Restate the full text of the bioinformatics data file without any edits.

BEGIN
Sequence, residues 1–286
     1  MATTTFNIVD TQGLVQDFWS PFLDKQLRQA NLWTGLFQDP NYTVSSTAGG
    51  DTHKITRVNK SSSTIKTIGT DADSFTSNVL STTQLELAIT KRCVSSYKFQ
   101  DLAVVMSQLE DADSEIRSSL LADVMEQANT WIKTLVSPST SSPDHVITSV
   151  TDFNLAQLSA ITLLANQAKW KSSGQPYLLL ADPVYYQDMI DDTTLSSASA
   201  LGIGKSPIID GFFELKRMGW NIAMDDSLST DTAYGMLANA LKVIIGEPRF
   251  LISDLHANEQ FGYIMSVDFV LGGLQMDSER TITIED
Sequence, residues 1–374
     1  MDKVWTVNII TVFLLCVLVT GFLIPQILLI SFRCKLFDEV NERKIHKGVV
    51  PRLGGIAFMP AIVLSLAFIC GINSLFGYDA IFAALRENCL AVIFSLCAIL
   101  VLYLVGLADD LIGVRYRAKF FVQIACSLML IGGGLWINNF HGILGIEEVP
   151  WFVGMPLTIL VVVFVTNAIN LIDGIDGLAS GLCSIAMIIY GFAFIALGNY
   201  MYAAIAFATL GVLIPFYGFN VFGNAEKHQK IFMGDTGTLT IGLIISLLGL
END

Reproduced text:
Sequence, residues 1–286
     1  MATTTFNIVD TQGLVQDFWS PFLDKQLRQA NLWTGLFQDP NYTVSSTAGG
    51  DTHKITRVNK SSSTIKTIGT DADSFTSNVL STTQLELAIT KRCVSSYKFQ
   101  DLAVVMSQLE DADSEIRSSL LADVMEQANT WIKTLVSPST SSPDHVITSV
   151  TDFNLAQLSA ITLLANQAKW KSSGQPYLLL ADPVYYQDMI DDTTLSSASA
   201  LGIGKSPIID GFFELKRMGW NIAMDDSLST DTAYGMLANA LKVIIGEPRF
   251  LISDLHANEQ FGYIMSVDFV LGGLQMDSER TITIED
Sequence, residues 1–374
     1  MDKVWTVNII TVFLLCVLVT GFLIPQILLI SFRCKLFDEV NERKIHKGVV
    51  PRLGGIAFMP AIVLSLAFIC GINSLFGYDA IFAALRENCL AVIFSLCAIL
   101  VLYLVGLADD LIGVRYRAKF FVQIACSLML IGGGLWINNF HGILGIEEVP
   151  WFVGMPLTIL VVVFVTNAIN LIDGIDGLAS GLCSIAMIIY GFAFIALGNY
   201  MYAAIAFATL GVLIPFYGFN VFGNAEKHQK IFMGDTGTLT IGLIISLLGL